U.S. Oil Benchmark Falls from 22Month High as Dollar Rises

Oil futures saw significant pressure Friday, with the U.S. benchmark pulling back from a 22month high, as a rise by the U.S. dollar and jitters ahead of next weeks meeting of the Organization of the Petroleum Exporting Countries and its allies appeared to prompt a round of profittaking.

A jump in U.S. Treasury yields on Thursday triggered global equity market jitters, while also lifting the U.S. dollar. A stronger dollar can be a negative for commodities, making them more expensive to users of other currencies.

The domino effect is starting to hit commodities like oil, triggered by a correction in the reflation trade due to higher U.S. yields that are becoming a significant source of market volatility, said Stephen Innes, chief global markets strategist at Axi, in a note.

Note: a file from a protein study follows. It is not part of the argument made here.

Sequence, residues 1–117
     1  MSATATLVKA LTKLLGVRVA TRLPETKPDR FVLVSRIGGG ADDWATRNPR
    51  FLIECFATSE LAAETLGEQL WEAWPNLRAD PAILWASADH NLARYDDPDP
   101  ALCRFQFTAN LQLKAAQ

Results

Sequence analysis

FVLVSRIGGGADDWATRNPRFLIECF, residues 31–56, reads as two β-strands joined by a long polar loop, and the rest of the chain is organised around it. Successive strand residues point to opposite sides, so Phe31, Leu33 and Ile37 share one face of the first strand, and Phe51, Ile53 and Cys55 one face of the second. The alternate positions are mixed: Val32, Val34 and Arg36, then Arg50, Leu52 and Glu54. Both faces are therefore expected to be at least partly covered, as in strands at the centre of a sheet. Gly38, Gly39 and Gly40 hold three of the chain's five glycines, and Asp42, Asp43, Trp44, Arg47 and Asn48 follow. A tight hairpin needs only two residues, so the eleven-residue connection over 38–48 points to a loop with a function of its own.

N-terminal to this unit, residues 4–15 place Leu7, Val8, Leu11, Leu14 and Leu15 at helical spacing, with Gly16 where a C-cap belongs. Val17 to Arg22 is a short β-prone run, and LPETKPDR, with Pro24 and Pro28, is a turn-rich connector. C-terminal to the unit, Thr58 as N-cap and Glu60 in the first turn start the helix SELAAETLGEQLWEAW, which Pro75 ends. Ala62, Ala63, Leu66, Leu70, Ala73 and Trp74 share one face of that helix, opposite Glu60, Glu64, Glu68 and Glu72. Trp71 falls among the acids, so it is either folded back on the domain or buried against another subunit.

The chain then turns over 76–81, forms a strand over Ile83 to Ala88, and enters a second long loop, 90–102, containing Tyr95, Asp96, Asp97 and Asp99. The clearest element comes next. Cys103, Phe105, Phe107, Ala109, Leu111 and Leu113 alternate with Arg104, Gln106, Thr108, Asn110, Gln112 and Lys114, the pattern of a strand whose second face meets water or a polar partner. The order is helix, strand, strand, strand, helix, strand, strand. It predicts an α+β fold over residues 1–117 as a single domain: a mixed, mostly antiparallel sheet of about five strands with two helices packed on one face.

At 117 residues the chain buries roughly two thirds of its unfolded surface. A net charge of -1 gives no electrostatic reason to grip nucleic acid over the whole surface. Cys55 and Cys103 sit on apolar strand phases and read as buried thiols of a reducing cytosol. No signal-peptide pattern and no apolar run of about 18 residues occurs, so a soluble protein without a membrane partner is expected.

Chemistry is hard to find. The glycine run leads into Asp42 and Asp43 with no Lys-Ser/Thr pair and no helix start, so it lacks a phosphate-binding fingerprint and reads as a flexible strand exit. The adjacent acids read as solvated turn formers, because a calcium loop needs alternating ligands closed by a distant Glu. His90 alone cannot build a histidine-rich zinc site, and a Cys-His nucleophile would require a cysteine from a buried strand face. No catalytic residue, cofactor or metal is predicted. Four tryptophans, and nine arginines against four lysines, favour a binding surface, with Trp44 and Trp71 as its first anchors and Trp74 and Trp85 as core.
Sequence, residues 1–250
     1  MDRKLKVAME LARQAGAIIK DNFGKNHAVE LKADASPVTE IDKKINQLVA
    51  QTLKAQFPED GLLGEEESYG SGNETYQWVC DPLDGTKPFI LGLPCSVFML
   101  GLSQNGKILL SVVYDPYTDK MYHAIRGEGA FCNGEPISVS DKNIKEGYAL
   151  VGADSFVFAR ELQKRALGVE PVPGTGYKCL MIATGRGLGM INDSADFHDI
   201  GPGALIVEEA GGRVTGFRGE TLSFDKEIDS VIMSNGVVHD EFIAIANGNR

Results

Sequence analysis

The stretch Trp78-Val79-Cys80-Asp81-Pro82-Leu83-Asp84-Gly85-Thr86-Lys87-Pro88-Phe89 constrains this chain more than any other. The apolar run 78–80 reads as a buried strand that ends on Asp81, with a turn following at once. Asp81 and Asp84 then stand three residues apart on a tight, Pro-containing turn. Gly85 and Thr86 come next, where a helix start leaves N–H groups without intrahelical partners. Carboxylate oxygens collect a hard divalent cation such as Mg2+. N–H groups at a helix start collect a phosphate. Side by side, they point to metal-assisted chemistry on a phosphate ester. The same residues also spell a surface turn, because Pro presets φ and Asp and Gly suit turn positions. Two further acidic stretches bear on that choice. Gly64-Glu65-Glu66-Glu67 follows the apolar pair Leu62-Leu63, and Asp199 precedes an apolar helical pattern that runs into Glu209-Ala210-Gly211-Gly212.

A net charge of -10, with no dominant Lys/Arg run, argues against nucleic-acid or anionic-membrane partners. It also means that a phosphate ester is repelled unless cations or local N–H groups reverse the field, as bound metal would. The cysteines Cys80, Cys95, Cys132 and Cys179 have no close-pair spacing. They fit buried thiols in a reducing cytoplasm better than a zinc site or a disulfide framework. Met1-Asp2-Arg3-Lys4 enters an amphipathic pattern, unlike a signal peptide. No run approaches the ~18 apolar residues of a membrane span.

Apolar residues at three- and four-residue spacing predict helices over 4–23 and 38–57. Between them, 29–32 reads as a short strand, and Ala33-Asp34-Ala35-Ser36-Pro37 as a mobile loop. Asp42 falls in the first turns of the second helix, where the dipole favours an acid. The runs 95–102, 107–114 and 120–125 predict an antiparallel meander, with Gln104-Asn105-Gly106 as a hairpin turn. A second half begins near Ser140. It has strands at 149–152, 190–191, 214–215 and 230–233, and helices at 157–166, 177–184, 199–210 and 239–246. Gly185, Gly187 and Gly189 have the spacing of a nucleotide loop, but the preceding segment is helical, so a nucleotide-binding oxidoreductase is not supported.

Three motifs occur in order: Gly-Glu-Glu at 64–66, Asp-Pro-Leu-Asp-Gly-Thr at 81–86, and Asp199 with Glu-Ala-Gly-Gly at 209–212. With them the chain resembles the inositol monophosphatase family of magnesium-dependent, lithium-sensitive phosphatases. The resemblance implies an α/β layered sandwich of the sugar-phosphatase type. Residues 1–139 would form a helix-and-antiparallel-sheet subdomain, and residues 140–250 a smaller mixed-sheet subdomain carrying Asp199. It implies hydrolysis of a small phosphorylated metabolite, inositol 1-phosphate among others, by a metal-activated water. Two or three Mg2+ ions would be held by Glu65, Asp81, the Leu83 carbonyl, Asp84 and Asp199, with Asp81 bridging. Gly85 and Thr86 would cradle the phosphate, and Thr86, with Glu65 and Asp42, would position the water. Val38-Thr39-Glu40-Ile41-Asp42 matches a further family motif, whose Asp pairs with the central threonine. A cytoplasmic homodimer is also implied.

West Texas Intermediate crude for April delivery fell 1.57, or 2.5, to 61.96 a barrel on the New York Mercantile Exchange, after posting its highest frontmonth close since May 1, 2019, on Thursday. May Brent crude, the global benchmark, was down 1.50, or 2.3, at 64.61 a barrel on ICE Futures Europe.

The ICE U.S. Dollar Index a measure of the U.S. currency against a basket of six major rivals, was up 0.5.

OPEC ministers are scheduled to meet next week to discuss production curbs. Compliance with the groups existing limits on output, along with Saudi Arabias unilateral decision to cut production by 1 million barrels a day in February and March, have been seen as a significant contributor to the 2021…

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